We are grateful to the local community who support our school. The Cotswold Wardens came and took our Year 5 and 6 children on a ramble and talked to them about the local area; this is William’s account of the day:
First, we all went into the hall and a man called Jerry did a talk on where we were going to go. We then split into groups and set off. First of all we went to Beaconsfield Hall and Jerry spoke about the wonderful Cotswold stone. Next, we walked to St Mary’s Church (Shipton under Wychwood) and Jerry spoke about the ram’s head on the spire and on the side of the church. The ram’s head represents the Cotswold Lion sheep as this was a famous sheep bred for their wool in the 1800s and the early 1900s. After we had been to the church we started walking to the allotments.
On the way down he spoke about the old till house and the wooden tills and how they were invented in the Wychwoods and they were used all over England. Once we got to the allotments, we had our snack. After we had finished, we walked down the road and stopped in the middle of a tiny little grass island. Jerry spoke to us about the little holes in the wall; we learnt that they were used if the Germans were flying over, the soldiers would stick their guns through them and try and shoot them down.
We walked towards Ascott-under-Wychwood and at this point we met the Year 5 group. We met a lady called Jane Adams and she spoke to us about the wool industry and the farming (I found this very interesting as I live on a farm). She also spoke about the sheep production and how lambing outdoors is important to their farm. We then walked across more fields to the main road and walked back to school looking at the buildings on the way back to school for lunch. I found the talk very interesting and I would like to thank the Cotswold Wardens for giving up their time to tell us all of these facts we have now learnt.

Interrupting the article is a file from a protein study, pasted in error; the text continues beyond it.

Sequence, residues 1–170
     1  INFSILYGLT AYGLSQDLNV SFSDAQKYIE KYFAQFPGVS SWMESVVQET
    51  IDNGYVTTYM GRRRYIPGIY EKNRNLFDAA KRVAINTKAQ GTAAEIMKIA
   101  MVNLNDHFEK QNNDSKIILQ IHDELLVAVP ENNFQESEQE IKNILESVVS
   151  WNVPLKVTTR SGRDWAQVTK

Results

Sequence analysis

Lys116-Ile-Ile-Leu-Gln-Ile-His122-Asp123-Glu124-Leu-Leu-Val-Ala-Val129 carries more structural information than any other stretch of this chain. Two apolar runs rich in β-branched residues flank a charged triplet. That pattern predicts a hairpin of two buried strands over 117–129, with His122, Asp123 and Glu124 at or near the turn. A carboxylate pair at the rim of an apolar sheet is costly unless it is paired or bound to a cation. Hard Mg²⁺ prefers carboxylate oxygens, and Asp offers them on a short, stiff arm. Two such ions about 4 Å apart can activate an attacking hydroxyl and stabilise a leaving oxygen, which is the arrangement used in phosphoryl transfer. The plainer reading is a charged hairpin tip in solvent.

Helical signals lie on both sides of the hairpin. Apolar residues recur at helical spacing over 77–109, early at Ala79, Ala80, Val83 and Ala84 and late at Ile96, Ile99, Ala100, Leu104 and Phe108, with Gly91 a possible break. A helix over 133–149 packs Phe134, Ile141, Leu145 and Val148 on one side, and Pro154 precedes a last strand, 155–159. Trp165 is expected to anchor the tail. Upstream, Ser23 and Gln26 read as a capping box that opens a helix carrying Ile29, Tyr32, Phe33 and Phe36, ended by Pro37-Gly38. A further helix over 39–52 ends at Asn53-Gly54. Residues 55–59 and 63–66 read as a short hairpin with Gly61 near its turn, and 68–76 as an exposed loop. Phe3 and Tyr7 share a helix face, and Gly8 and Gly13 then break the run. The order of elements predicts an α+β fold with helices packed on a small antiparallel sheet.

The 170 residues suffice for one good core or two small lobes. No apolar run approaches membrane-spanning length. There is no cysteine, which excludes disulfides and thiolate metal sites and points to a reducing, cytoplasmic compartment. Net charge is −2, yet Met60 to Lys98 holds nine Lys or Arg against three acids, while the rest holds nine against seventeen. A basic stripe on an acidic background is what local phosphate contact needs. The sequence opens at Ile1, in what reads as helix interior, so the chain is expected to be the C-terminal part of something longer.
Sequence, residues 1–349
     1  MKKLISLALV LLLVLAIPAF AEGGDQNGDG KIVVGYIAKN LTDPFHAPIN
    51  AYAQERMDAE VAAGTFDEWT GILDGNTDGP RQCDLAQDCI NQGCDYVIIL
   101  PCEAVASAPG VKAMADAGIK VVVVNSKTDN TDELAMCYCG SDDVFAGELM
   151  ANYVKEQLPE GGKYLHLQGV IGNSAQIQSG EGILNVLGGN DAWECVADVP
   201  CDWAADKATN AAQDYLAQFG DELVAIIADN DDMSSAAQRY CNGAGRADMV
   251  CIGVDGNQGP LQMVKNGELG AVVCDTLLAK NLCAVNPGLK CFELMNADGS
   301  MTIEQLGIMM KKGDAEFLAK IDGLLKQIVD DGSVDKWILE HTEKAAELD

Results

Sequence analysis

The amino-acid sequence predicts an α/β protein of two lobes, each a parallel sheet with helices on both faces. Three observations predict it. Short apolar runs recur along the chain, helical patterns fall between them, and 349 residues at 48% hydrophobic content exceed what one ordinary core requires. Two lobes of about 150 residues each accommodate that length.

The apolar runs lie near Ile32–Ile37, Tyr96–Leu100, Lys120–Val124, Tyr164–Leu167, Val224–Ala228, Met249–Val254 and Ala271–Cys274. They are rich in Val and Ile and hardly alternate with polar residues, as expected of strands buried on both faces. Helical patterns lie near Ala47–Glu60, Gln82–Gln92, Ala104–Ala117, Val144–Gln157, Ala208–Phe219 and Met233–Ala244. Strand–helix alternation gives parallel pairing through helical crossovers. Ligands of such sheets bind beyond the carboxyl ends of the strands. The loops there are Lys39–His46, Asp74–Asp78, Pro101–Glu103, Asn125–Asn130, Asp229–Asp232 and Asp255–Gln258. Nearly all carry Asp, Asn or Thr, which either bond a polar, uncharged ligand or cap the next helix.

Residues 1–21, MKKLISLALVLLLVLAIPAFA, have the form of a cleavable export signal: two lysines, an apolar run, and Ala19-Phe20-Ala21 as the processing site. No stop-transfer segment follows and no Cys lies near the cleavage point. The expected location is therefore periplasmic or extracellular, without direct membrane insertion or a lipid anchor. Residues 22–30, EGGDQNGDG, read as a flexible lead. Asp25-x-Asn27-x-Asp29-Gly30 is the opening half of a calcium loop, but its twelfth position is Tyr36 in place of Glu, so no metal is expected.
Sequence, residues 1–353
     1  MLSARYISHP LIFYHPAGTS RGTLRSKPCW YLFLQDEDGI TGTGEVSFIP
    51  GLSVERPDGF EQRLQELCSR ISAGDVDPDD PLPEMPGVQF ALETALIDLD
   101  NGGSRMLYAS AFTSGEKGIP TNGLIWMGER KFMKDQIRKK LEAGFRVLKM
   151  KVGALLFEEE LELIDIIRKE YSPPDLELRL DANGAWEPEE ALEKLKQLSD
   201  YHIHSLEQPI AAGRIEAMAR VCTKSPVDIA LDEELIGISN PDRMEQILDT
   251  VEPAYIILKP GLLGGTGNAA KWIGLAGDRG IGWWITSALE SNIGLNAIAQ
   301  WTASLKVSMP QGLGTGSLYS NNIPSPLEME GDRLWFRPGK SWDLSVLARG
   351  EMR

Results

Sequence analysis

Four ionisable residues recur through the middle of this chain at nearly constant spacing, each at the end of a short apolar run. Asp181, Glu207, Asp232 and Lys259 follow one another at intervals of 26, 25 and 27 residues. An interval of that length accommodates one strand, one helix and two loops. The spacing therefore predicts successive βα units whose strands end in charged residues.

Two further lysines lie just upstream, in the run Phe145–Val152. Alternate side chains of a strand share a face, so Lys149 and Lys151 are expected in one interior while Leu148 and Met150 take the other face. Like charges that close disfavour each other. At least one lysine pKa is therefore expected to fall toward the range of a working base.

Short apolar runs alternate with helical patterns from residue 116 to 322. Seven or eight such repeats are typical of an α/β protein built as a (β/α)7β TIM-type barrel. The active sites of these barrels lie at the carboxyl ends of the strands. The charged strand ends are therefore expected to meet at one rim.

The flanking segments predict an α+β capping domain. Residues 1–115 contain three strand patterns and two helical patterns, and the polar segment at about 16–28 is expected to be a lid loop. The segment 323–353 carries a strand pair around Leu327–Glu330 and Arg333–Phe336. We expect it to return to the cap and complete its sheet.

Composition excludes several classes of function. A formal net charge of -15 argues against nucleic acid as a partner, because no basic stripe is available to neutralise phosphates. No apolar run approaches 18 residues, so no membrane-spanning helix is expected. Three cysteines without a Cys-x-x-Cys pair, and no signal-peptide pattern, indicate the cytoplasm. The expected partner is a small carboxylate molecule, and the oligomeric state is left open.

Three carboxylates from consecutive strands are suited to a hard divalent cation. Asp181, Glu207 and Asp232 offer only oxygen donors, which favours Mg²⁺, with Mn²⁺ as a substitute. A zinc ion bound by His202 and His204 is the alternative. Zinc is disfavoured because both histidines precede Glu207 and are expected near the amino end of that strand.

We would also like to thank Mr Matthews from FWP Matthews who came and spoke to the children in Years 1 and 2. He told them about the history of the Matthews family and how the flour mill started. He explained to them how the flour was made and the different types of flour they produce and what these flours would be used for. The children especially enjoyed dressing up in the protective hats and coats visitors have to wear when they visit the mill.
December 2019-January 2020